Chapter 6. Eclipse and J2EE

Table of Contents

To develop web services with Eclipse a couple of plugins are recommended. The Tomcat plugin of Sysdeo is well suitable for simple projects with Tomcat as application server. Since I would like to develop and debug web services with Tomcat as container later, it is used in this project. Substantially however the Lomboz Plugin of ObjectLearn supplies more functionality. In addition, it is primarily helpful for developing EJB applications, but also has a few functions for web services.

Optionally, the plugin JBOSS IDE can be used, in order to steer XDoclet more comfortably. I will present both kinds „manually “ (by ant script) and with JBOSS IDE.

6.1. Tomcat plugin from Sysdeo

First unpack the zip archiv in the directory hierarchy. After restarting Eclipse you can configure the plugin in „Windows / Preferences“:

Figure 6.1.  configure the tomcat plugin

The most important properties are:

  • Tomcat version
  • Tomcat home directory
  • Tomcat config file (server.xml) to use

Thus the Plugin can be used. In „Windows/Customize Perspective“ one activates the plugin in the „Debug-Perspective“:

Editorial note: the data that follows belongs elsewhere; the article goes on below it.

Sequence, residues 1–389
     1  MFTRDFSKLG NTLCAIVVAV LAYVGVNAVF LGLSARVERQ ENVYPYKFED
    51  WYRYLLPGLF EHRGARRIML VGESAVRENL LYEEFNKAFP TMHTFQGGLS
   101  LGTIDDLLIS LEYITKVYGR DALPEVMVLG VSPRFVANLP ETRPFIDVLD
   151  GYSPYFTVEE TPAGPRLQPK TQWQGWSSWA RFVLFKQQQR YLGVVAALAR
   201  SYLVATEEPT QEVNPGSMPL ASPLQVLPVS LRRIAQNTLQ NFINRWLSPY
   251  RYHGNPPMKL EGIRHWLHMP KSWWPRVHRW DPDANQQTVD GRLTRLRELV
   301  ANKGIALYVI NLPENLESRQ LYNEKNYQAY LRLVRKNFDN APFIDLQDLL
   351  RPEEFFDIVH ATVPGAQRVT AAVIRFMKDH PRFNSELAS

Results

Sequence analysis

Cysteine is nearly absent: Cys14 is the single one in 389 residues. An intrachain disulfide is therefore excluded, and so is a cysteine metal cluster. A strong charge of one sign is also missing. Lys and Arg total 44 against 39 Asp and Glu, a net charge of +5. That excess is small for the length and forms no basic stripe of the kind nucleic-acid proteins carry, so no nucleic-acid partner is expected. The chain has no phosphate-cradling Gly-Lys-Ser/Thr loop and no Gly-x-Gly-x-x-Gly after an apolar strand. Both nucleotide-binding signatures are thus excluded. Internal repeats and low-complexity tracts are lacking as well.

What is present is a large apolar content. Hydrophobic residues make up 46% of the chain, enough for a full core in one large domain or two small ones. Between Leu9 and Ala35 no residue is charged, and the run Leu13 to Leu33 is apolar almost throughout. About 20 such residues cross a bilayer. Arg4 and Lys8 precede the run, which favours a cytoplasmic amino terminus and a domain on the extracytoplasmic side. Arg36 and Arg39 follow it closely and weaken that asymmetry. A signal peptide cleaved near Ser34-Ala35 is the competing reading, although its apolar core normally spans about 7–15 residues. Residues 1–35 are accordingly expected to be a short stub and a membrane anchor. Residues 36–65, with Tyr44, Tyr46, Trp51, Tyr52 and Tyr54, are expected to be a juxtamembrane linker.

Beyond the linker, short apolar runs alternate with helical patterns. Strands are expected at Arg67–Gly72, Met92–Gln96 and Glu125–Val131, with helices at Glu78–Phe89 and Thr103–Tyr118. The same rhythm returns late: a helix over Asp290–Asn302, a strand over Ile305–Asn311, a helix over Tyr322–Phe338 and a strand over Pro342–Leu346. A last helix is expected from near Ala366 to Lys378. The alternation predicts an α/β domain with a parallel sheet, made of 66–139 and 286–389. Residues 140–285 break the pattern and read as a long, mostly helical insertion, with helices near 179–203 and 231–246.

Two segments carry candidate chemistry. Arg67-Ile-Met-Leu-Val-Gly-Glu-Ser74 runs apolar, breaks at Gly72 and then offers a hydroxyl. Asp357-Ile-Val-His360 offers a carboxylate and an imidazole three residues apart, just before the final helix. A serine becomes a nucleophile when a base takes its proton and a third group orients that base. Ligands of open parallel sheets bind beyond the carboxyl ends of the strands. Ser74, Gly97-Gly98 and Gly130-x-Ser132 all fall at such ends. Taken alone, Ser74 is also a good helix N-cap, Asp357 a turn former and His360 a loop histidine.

Figure 6.2.  activate tomcat plugin

Three new buttons are added to toolbar with which Tomcat can be start and stop directly from Eclipse.

The interesting thing is, that you can debug a web service including Tomcat in Eclipse by placing breakpoints in a doGet method of a servlet or in a web service method.

6.1.1. Project as „Tomcat project“

From now on you can choose „Tomcat project“, when creating a new project. An existing project can be change to „Tomcat project“ in „Project-Properties“:

Figure 6.3.  tomcat project properties

  • Check „Is a tomcat project“.
  • Application URI must contain the context path for Tomcat.
  • If „can actualise XML“ is checked, the Tomcat context will be updated in the server.xml automatically.
  • „WAR file for export“ sets the name of the war file, when the project is exported. The name is an absolute pathname, referencing directly to the directory where the war file is deployed.

If everything is set up like this, then the context menu of the project has an additional entry :

  • Figure 6.4.  tomcat project options in context menu

    Export WAR[3] file.
  • The context in the Tomcat configuration file (server.xml) can be removed and/or updated.
  • The Tomcat libraries can be added to the project.
  • Create a work directory, which takes the generated servlets from JSP pages.


[3] (W)eb-(A)pplication-A(R)chive